What a run! Respected distribution executive Nick Carpou is stepping down from Universal Pictures, where he has worked for the past 35 years, most recently as president of domestic distribution. In his place will be EVP and general sales manager Jim Orr who, in a bit of restructuring, will now report to Peter Levinsohn, who had overseen distribution except theatrical up to this point. Carpou, who had been overseeing the company’s theatrical sales in North America since 2011 as co-president with Nikki Rocco, became president once Rocco retired. He will stay on through October.
Orr joined Universal in June 2016 from the studio’s specialty division Focus Features, where he began serving as president of domestic distribution in 2012. While at Focus, he oversaw the releases of London Has Fallen and the Academy favorite The Theory Of Everything. Orr is an old pro, having held various leadership positions at FilmDistrict, MGM and Paramount.
Under this strategic realignment at the studio, Levinsohn now oversees domestic feature distribution, worldwide home entertainment, worldwide TV distribution, new media and digital strategy, and technology for Universal Filmed Entertainment Group.
“Pete is a well-respected business leader who has long been responsible for a great deal of our worldwide distribution, and there is no one we’d rather have in this role,” said Jeff Shell, Chairman, Universal Filmed Entertainment Group, in making the announcement. “He has a complete grasp on the overall business, as well as the ever-compounding challenges we face in today’s marketplace. Aligning our world-class theatrical distribution with the rest of Universal Filmed Entertainment Group’s divisions positions us perfectly for the future.”
Under Carpou’s steady-handed leadership, Universal broke numerous industry and studio records, including its highest-grossing and most profitable years ever. He was instrumental in mapping out the distribution strategy for some of the studio’s biggest films including the surprise hits Get Out and Split (Blumhouse) as well as Minions, The Secret Life Of Pets and Despicable Me 3 from Illumination, and titles in the Fast & Furious series and Jurassic World.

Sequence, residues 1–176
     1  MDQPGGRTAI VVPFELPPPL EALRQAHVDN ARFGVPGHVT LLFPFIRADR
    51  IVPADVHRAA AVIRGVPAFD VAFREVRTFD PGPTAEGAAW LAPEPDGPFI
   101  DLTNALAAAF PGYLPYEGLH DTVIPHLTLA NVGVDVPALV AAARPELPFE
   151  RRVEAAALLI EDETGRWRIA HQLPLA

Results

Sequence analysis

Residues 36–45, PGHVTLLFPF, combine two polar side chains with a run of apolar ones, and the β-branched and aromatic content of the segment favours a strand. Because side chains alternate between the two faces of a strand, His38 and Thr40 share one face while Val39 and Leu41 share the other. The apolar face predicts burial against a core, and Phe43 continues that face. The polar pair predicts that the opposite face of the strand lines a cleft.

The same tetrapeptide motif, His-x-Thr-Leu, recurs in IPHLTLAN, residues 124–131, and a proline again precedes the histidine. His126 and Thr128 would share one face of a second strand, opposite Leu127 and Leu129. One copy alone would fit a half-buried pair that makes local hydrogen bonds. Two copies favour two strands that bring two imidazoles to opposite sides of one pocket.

When Carpou was appointed Ppresident in 2015, he oversaw the domestic slate for the biggest year Hollywood had ever seen at the box office, with $6.8B in worldwide sales and 15 films opening to No. 1. Universal’s domestic earnings of $2.45B that year marked the first time in its history the studio took the market share crown. Universal also set records for the fastest a studio has ever reached $1B and $2B at the domestic box office.
With Furious 7, Jurassic World and Minions all achieving that milestone, it also marked the first time a studio had three films cross $1B at the worldwide box office in one year.
“Ron, Jeff and Donna gave me this once-in-a-lifetime opportunity to lead our distribution team, and I am grateful to have spent the majority of my career working for the best in the business,” said Carpou in a statement.
“Even though he has the fatal flaw of being a lifelong San Francisco Giants fan, Nick has been my friend and trusted advisor since I joined the company,” added Shell. “While we will all miss his daily presence at the studio, the strong bench he’s built will continue to carry our word-class distribution team for years to come. His longevity is a testament to the trust placed in him by Universal’s executive team and countless filmmakers, and we wish him all the best in his much-deserved next chapter.”
Carpou is such a noted Giants fan because he began his career in San Francisco with United Artists Corporation in 1977. He worked for Associated Film Distribution from 1980-1981, and then joined Universal’s San Francisco branch office in 1982, where he was responsible for sales and booking assignments in various territories. In 1987, he relocated to Los Angeles, where he was promoted Branch Manager in 1989.
In 1990, Carpou became VP-Division Manager, then SVP National Sales in 1993. In 1997, he was named EVP-General Sales Manager at the studio.